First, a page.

The Turing Test is a test where a researcher chats with the computer, and if the researcher can't tell if he is talking with a computer or a person then the machine passes the test. The article has an example of the test; here is the part of the computer conversation that I want to highlight:
KW: What mysterious subjects?
Subject: Think deeply about mysterious dubjects.
KW: What's a dubject?
KW is administering the test. "Subject" is the computer.
Why would a computer misspell the word subjects? I am guessing to be tricky. You see, computers can't make a mistake, so having a computer make a mistake will throw people off the trail. However, when I was reading the two conversations in the article this exchange made me immediately think that this was computer making an intentional mistake.
Why was it so obvious? I think the first thing is that a real person who is trying to prove that he is a human will first make sure that he doesn't make obvious mistakes. Why? Because everyone is looking at what you type and you don't want to look like a fool. So I doubt that any mistakes made would be done in obvious places like the first letter of a word. A better choice would have been to misspell subjects as subects, or subjectc.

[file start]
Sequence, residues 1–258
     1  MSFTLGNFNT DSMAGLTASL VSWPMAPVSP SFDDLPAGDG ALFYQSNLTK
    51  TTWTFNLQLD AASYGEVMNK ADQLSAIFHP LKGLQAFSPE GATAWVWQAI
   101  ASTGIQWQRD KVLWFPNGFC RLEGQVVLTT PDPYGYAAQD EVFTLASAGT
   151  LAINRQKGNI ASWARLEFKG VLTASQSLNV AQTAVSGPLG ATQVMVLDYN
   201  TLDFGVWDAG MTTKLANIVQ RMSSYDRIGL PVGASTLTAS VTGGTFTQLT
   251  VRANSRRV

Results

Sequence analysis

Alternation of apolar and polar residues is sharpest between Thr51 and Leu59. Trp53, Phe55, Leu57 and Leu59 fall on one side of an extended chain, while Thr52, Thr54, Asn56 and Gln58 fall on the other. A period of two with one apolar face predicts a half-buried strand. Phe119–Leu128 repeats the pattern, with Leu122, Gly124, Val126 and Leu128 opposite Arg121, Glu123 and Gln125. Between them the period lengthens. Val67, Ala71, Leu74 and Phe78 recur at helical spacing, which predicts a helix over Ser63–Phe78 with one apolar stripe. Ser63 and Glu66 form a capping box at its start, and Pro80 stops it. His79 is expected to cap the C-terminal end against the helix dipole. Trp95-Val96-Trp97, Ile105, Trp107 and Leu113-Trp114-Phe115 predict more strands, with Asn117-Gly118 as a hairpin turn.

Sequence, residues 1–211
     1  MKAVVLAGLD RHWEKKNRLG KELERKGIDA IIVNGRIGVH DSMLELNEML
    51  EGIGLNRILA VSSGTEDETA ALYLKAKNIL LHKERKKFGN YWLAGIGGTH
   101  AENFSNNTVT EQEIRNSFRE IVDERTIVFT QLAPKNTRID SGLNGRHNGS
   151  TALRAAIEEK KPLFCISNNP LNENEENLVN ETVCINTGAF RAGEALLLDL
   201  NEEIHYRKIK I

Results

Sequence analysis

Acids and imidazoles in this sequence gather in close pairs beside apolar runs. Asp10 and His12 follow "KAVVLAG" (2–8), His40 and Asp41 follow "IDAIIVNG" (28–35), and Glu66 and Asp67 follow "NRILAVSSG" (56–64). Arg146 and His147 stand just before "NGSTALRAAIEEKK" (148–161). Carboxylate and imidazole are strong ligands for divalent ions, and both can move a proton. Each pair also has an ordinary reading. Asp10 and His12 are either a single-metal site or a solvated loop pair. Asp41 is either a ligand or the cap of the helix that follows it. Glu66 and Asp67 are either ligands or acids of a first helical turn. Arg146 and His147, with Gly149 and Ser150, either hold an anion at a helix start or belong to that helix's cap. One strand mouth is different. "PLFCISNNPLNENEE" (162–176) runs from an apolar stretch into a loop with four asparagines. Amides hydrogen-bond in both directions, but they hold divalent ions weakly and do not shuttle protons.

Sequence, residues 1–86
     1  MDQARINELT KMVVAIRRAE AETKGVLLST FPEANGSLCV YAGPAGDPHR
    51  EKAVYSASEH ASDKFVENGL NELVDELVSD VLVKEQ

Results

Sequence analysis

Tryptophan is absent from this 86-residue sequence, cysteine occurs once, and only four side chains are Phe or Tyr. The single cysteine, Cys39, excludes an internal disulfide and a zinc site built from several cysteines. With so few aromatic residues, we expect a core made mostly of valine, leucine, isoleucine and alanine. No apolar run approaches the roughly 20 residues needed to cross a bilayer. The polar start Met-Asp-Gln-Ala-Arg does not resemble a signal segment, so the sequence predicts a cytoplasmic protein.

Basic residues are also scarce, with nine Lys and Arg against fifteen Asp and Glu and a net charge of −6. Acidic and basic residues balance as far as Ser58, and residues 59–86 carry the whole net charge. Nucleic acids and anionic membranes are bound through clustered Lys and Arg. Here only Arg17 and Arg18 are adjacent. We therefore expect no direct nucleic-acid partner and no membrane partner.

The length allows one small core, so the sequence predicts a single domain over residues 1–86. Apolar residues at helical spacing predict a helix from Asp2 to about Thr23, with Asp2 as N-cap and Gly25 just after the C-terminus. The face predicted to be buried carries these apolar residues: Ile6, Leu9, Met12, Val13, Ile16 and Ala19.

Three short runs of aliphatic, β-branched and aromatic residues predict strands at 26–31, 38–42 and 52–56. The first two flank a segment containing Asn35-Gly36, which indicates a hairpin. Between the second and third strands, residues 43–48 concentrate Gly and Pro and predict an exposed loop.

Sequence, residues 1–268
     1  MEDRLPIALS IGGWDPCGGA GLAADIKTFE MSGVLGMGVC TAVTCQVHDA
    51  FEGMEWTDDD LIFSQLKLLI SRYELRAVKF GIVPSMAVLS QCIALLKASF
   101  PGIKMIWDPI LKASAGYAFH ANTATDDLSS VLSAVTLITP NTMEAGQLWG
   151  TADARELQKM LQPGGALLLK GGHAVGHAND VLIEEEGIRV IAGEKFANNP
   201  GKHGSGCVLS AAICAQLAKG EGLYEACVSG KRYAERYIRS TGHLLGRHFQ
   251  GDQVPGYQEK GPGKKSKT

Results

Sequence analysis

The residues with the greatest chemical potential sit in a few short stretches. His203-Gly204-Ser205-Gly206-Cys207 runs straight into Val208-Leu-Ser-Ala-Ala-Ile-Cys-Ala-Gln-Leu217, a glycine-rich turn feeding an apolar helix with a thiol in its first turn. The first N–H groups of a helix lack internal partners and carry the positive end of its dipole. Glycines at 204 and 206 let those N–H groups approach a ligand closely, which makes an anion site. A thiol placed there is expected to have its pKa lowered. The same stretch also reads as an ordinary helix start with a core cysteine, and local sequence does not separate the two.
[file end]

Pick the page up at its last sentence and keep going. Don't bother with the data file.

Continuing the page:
Also I think that a human would pay more attention to focus of the sentence, perhaps the computer should have misspelled the word "deeply" or 'about" instead.
So how would I instruct a computer is purposely misspell words? The first thing that I would do is to make different levels of chatting. Writing text for a casual conversation will have more mistakes than when writing for a formal matter. Secondly, I would weight the chances for each word to be misspelled based on their importance in the sentence. I would also place the misspellings in the center of the words since it is harder to catch those when checking over the sentence for errors. And finally I would reference a large bank of words that are typed, maybe gathered from the internet, that has common ways to misspell a word so that the misspelling seems more natural (because you can't just pick a word to misspell, you also need to know how to misspell it.)
I would think that having a computer make logical mistakes would be one of the simpler things for a programmer to figure out.
Those are my ideas on the dubject.